Indonesian islanders sue cement giant Holcim over climate damage




(File photo) Employees of Holcim Indonesia, a unit of Swiss cement giant Holcim Ltd, work at the factory in Jakarta, 05 September 2006.  AFP PHOTO/Adek BERRY (Photo by ADEK BERRY / AFP)

 

ZURICH, Switzerland (AFP) — Residents of Pulau Pari, an Indonesian island threatened by rising sea levels, are suing cement giant Holcim over its carbon dioxide emissions, a Swiss charity said on Tuesday.

“Holcim… bears a significant share of the responsibility for the climate crisis as well as for the situation on… Pari,” Yvan Maillard Ardenti, climate expert at Swiss Church Aid (HEKS), said on the charity’s website.

The complaint was lodged on Monday with a conciliation authority in Zug, Switzerland, where Holcim’s headquarters are located.

The four plaintiffs told German TV channel RTL on Monday they were seeking compensation from Holcim for damage already caused to their island by climate change, money for flood defences and a rapid reduction in the company’s carbon emissions.

“Holcim is globally the leading manufacturer of cement, the basic material for concrete, and one of the 50 biggest CO2 emitters out of all companies worldwide,” HEKS said.

This is in line with the 2021 greenhouse polluters index compiled by the University of Massachusetts Amherst, which ranks “LafargeHolcim” 47th among the top 100 emitters of climate-heating gases.

Contacted by AFP, Holcim, which merged with France’s Lafarge in 2015, declined to comment on the legal case but said it “takes climate action very seriously”.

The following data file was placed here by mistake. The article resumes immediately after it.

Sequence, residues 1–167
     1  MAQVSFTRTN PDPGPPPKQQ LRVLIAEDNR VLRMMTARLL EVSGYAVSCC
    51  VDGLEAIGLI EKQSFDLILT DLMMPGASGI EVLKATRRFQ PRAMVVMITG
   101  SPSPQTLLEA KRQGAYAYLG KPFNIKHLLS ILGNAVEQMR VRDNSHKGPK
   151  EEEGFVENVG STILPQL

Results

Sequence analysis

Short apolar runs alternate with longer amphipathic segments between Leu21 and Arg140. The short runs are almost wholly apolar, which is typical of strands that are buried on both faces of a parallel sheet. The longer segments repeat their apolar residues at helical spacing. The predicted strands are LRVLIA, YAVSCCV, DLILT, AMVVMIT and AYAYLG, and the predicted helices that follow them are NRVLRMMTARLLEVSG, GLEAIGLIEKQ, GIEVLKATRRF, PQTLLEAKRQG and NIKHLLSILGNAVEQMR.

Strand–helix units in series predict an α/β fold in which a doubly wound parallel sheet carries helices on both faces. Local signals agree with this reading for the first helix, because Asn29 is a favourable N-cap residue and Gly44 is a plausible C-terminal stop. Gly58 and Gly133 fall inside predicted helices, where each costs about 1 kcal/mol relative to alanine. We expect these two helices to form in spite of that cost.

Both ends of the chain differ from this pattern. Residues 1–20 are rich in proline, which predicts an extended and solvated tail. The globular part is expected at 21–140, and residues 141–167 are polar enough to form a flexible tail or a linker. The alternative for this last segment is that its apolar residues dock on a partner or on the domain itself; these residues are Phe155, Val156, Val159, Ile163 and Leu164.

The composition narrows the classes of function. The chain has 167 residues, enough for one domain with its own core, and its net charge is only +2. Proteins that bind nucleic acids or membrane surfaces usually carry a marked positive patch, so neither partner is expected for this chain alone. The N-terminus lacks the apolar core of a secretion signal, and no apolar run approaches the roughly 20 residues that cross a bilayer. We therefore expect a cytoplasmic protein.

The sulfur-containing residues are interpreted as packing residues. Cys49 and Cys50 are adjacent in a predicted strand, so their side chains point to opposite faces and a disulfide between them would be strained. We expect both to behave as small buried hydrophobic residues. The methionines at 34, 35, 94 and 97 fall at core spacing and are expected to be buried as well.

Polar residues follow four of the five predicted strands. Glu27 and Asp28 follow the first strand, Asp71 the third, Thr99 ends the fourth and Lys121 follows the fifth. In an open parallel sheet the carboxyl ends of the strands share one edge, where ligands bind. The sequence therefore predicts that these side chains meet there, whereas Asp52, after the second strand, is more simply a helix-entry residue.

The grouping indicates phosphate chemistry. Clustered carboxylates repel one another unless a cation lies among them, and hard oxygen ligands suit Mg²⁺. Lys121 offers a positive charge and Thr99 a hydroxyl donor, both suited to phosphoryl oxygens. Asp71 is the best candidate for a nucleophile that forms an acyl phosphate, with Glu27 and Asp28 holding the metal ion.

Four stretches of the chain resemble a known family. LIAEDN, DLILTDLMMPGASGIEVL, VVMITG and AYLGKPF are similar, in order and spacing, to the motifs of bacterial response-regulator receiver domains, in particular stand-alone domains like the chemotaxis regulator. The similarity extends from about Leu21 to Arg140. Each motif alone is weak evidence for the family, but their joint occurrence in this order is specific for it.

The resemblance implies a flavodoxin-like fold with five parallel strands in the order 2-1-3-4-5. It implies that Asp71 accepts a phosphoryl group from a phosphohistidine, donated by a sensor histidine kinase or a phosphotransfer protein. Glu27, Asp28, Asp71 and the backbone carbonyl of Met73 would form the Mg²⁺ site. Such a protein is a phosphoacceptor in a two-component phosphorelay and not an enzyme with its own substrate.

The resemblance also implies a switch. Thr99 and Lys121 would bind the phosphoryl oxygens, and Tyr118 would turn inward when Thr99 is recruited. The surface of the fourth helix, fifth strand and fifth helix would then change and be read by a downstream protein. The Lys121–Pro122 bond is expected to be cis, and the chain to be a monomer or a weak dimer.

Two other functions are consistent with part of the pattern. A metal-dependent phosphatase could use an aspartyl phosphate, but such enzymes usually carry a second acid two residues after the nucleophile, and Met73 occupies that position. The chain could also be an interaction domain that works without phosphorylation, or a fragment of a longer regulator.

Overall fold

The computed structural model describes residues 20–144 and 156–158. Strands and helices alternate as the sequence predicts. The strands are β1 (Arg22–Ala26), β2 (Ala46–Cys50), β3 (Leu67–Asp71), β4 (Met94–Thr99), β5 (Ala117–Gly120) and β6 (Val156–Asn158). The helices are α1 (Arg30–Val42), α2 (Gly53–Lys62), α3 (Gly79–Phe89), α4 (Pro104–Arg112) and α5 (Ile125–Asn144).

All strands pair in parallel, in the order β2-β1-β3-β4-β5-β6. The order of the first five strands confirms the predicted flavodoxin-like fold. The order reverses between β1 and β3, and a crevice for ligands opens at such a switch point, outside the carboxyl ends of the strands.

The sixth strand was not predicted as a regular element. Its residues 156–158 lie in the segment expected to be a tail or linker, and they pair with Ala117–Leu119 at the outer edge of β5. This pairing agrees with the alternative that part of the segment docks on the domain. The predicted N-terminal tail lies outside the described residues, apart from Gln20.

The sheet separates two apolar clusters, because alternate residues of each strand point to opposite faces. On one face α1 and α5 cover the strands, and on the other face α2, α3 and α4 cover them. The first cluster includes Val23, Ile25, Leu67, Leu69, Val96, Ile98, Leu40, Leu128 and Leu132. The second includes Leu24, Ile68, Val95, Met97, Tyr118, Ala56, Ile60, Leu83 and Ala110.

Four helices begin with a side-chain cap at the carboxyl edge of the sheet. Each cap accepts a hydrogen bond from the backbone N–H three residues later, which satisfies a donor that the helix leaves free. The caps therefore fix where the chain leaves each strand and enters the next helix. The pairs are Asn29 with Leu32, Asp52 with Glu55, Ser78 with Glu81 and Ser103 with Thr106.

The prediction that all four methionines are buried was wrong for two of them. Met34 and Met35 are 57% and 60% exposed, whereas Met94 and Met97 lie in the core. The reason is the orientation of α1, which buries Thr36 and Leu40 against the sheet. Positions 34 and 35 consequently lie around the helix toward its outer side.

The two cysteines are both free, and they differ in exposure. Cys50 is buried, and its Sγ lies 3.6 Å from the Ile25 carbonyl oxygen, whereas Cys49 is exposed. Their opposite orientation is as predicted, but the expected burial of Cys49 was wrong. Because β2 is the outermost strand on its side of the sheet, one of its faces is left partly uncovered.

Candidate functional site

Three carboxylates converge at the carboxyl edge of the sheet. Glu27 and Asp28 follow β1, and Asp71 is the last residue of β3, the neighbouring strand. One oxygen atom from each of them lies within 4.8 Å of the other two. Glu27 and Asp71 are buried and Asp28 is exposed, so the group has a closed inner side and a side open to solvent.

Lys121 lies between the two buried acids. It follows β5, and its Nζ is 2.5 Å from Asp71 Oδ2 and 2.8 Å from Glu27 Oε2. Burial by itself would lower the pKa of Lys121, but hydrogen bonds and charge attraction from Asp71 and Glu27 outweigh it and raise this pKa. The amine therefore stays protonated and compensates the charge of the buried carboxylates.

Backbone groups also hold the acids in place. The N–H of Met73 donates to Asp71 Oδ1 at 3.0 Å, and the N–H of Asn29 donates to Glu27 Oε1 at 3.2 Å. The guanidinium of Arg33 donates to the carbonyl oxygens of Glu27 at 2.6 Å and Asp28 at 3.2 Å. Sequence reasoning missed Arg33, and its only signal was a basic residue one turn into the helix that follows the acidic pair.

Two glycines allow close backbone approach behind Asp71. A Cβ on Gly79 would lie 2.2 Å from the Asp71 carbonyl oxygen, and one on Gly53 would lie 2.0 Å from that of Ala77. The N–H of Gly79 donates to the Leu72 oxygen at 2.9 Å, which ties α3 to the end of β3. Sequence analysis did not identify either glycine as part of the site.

“This is the first time that a Swiss company will be held legally accountable for its role in climate change,” HEKS said.

The Swiss NGO is backing the islanders’ campaign alongside the Berlin-based rights group ECCHR and Indonesian environmental pressure group WALHI.

They point out that countries of the South are bearing the brunt of a climate emergency mainly created by the rich countries of the North.

Large portions of Pari, which depends on fishing and tourism, were likely to be under seawater in 30 years, HEKS said.

Holcim sold its Indonesian activities to local cement maker Semen Indonesia in 2019.

But globally, it emitted more than seven billion tonnes of CO2 emissions between 1950 and 2021, according to a new study from the US-based Climate Accountability Institute.

That amounts to more than twice the emissions of Switzerland since the year 1750, HEKS said.

“We significantly reduced our footprint over the last decade and will cut it further by 2030,” Holcim told AFP.

“We are focused on supporting our customers to build more with less to improve living standards for all while reducing emissions.”

 

© Agence France-Presse



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